41. It’s been a whirlwind 96 hours for me, too. There is much more to come, including answers to questions about issues like shadow-banning, boosting, follower counts, the fate of various individual accounts, and more. These issues are not limited to the political right.
42. Good night, everyone. Thanks to all those who picked up the phone in the last few days.
* * *
The release was telegraphed one week ago, when Musk acknowledged that revealing Twitter’s internal discussions surrounding the censorship of the New York Post‘s Hunter Biden laptop story right before the 2020 US election is “necessary to restore public trust.”
Recall that the Post had its Twitter account locked in October 2020 for reporting on the now-confirmed-to-be-real“laptop from hell,” which contained still-unprosecuted evidence of foreign influence peddling through then-Vice President Joe Biden – including a 2015 meeting with an executive of Ukrainian gas giant Burisma.
Users who tried to share the link to the article were greeted with a message saying, “We can’t complete this request because this link has been identified by Twitter or our partners as being potentially harmful.”
Then, days after Musk’s tweet, Twitter’s former head of Trust and Safety, Yoel Roth, admitted it was a ‘mistake’ to censor the Hunter Biden laptop story.
In his first public appearance since becoming an ex-employee, Roth suggested that the Hunter Biden laptop story was simply ‘too difficult’ for Twitter to verify. Alternatively, the company could have perhaps simply trusted the Post, one of America’s oldest publications that doesn’t have a reputation for fabricating bombshell stories – like Twitter does with countless anonymous bombshells from other major publications.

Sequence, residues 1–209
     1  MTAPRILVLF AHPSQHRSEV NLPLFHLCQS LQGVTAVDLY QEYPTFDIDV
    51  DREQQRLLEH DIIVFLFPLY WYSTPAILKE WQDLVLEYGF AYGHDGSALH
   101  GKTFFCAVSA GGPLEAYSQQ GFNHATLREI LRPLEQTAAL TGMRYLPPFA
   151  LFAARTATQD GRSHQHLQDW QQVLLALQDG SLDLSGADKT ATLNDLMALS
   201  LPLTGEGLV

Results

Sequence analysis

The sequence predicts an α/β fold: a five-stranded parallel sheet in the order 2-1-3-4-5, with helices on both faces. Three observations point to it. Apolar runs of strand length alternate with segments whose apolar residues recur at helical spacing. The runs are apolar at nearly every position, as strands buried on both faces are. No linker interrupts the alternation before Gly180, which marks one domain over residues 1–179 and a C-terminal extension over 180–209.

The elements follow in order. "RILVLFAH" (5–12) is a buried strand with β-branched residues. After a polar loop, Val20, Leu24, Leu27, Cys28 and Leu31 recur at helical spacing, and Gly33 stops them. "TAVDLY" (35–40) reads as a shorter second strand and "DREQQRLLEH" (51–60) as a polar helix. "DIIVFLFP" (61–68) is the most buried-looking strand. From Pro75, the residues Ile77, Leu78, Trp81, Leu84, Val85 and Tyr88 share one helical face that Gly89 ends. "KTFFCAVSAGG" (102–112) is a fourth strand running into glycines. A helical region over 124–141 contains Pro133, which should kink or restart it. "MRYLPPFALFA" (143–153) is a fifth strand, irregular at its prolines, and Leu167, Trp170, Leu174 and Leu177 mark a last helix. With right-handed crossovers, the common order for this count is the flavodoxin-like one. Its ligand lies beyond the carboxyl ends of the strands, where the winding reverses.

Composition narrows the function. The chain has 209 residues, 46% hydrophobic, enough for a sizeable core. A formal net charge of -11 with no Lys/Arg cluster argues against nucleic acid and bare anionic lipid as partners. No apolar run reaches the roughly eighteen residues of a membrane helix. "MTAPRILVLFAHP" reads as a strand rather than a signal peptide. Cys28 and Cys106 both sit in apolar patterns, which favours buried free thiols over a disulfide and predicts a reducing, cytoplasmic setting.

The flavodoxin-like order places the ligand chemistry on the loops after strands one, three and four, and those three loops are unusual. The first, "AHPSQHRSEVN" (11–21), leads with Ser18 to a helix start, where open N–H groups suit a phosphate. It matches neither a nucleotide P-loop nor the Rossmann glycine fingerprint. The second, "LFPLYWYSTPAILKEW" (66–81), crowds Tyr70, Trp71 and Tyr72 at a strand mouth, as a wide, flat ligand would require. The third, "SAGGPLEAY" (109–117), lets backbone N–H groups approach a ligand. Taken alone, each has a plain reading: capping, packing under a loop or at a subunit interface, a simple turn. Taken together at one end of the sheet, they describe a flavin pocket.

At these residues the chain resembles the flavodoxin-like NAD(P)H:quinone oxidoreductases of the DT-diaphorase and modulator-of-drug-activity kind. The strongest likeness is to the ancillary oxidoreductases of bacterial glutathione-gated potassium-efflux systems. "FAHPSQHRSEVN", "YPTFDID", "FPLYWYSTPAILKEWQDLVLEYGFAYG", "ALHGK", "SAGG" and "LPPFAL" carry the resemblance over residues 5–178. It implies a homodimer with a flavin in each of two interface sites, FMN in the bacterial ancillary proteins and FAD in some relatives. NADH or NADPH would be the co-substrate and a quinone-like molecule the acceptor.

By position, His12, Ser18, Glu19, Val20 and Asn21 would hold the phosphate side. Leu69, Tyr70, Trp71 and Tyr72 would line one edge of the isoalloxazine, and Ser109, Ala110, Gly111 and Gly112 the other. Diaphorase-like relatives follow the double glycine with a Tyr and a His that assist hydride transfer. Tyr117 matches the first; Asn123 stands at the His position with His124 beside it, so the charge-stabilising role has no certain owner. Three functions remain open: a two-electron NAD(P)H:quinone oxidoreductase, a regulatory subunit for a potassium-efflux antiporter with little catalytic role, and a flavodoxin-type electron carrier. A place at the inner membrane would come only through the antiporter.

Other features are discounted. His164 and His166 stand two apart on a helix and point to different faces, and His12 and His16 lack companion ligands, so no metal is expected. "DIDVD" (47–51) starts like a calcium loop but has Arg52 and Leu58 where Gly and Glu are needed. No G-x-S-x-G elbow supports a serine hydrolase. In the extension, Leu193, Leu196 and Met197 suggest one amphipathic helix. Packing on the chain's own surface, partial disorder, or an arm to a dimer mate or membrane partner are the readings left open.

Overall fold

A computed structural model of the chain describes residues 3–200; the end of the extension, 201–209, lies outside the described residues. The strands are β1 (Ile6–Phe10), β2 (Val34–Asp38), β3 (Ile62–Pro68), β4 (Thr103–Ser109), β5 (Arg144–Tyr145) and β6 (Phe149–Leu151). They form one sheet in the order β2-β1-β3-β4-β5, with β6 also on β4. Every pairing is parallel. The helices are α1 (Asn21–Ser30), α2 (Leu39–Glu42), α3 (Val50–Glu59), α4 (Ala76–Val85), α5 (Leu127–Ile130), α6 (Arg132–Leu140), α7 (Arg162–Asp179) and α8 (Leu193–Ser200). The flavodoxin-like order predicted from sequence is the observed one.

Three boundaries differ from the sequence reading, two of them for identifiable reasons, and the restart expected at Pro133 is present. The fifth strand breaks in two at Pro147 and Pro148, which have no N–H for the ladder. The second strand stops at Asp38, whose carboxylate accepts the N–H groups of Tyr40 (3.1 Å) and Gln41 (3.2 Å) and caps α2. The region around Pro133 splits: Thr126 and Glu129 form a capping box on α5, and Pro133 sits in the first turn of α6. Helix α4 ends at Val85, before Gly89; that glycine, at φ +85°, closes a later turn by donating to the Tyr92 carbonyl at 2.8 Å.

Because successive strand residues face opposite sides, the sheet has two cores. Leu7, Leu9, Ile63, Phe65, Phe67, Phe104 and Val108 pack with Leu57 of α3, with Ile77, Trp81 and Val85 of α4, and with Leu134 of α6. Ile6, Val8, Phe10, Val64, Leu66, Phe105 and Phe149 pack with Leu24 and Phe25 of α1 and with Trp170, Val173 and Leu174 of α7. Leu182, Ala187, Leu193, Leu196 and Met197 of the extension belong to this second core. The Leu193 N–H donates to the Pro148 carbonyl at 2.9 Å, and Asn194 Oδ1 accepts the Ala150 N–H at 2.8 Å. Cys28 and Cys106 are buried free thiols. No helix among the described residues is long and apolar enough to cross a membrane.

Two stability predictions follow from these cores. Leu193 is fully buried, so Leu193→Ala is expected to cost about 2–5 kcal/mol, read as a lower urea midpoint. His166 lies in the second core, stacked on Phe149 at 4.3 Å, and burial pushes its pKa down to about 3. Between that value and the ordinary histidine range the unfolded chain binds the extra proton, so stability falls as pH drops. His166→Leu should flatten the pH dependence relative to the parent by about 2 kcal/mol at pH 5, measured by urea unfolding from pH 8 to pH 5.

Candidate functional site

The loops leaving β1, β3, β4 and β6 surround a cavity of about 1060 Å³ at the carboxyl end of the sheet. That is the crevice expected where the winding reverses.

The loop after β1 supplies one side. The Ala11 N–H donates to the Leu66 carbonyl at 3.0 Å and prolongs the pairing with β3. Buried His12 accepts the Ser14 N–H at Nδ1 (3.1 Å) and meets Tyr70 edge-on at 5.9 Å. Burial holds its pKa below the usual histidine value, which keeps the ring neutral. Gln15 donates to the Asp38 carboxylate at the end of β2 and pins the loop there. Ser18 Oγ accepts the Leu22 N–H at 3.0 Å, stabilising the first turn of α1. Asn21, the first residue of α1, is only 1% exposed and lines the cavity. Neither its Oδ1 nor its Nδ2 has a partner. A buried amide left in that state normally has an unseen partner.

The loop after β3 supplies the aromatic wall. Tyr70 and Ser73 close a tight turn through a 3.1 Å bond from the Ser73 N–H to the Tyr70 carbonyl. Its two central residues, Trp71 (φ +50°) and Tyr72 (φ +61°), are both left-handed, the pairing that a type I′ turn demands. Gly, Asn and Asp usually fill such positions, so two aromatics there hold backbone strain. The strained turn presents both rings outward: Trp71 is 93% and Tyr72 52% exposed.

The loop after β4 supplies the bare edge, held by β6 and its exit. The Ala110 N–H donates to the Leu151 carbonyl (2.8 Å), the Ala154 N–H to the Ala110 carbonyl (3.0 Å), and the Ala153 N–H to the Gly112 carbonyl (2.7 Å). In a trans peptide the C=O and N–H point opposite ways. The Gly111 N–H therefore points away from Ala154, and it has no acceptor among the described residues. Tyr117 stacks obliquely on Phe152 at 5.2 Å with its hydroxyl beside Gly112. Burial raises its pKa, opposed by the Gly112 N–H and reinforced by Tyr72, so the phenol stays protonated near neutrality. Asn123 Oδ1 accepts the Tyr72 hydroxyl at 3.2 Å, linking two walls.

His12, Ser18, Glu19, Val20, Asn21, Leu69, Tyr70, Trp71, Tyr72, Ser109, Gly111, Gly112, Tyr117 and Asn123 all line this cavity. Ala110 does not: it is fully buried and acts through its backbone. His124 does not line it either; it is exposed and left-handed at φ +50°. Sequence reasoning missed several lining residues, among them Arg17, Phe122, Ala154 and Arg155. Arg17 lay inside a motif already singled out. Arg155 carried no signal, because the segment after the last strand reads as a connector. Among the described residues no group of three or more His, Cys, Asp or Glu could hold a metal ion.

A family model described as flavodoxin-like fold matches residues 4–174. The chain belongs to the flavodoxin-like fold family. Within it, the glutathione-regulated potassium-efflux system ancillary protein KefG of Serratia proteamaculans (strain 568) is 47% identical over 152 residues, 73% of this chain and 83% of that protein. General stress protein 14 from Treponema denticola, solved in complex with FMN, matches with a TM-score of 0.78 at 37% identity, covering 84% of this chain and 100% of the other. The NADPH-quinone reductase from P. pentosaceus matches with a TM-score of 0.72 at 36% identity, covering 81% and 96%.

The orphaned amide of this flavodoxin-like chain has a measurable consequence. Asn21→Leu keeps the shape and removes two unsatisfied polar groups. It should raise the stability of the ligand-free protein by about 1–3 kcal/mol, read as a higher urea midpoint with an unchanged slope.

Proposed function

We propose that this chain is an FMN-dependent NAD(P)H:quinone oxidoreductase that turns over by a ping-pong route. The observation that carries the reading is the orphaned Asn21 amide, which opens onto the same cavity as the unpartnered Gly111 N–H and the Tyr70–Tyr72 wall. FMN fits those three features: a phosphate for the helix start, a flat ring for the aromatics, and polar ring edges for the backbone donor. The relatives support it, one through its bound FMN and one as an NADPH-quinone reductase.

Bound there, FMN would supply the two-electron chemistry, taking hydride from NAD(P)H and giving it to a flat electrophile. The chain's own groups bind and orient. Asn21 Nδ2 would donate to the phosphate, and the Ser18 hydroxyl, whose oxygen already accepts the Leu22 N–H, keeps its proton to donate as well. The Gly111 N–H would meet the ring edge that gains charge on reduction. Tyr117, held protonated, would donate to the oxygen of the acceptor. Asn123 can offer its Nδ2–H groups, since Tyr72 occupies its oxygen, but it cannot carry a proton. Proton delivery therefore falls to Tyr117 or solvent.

“We didn’t know what to believe. We didn’t know what was true. There was smoke,” Roth said during an interview at the Knight Foundation conference, as noted by the Epoch Times. “And ultimately for me, it didn’t reach a place where I was comfortable removing this content from Twitter.”
“It set off every single one of my finely tuned APT28 ‘hack and leak campaign’ alarm bells,” he said, referring to a notorious team of cyberspies affiliated with Russian military intelligence. “Everything about it looked like a hack and leak.”
When asked whether it was a mistake to censor the story, Roth replied, “In my opinion, yes.”
Would Roth have suppressed the story if it was a Don Jr. laptop full of incriminating evidence?
* * *
Finally, it will be very interesting to see which “independent”, “impartial” and “objective” members of the Mainstream Media cover the Twitter Files, which, unlike all that Russia collusion bullshit, was a real and actionable attempt to interfere with US democracy by covering up one of the most explosive political stories of a generation, not to mention an event that would have swayed the 2020 presidential election.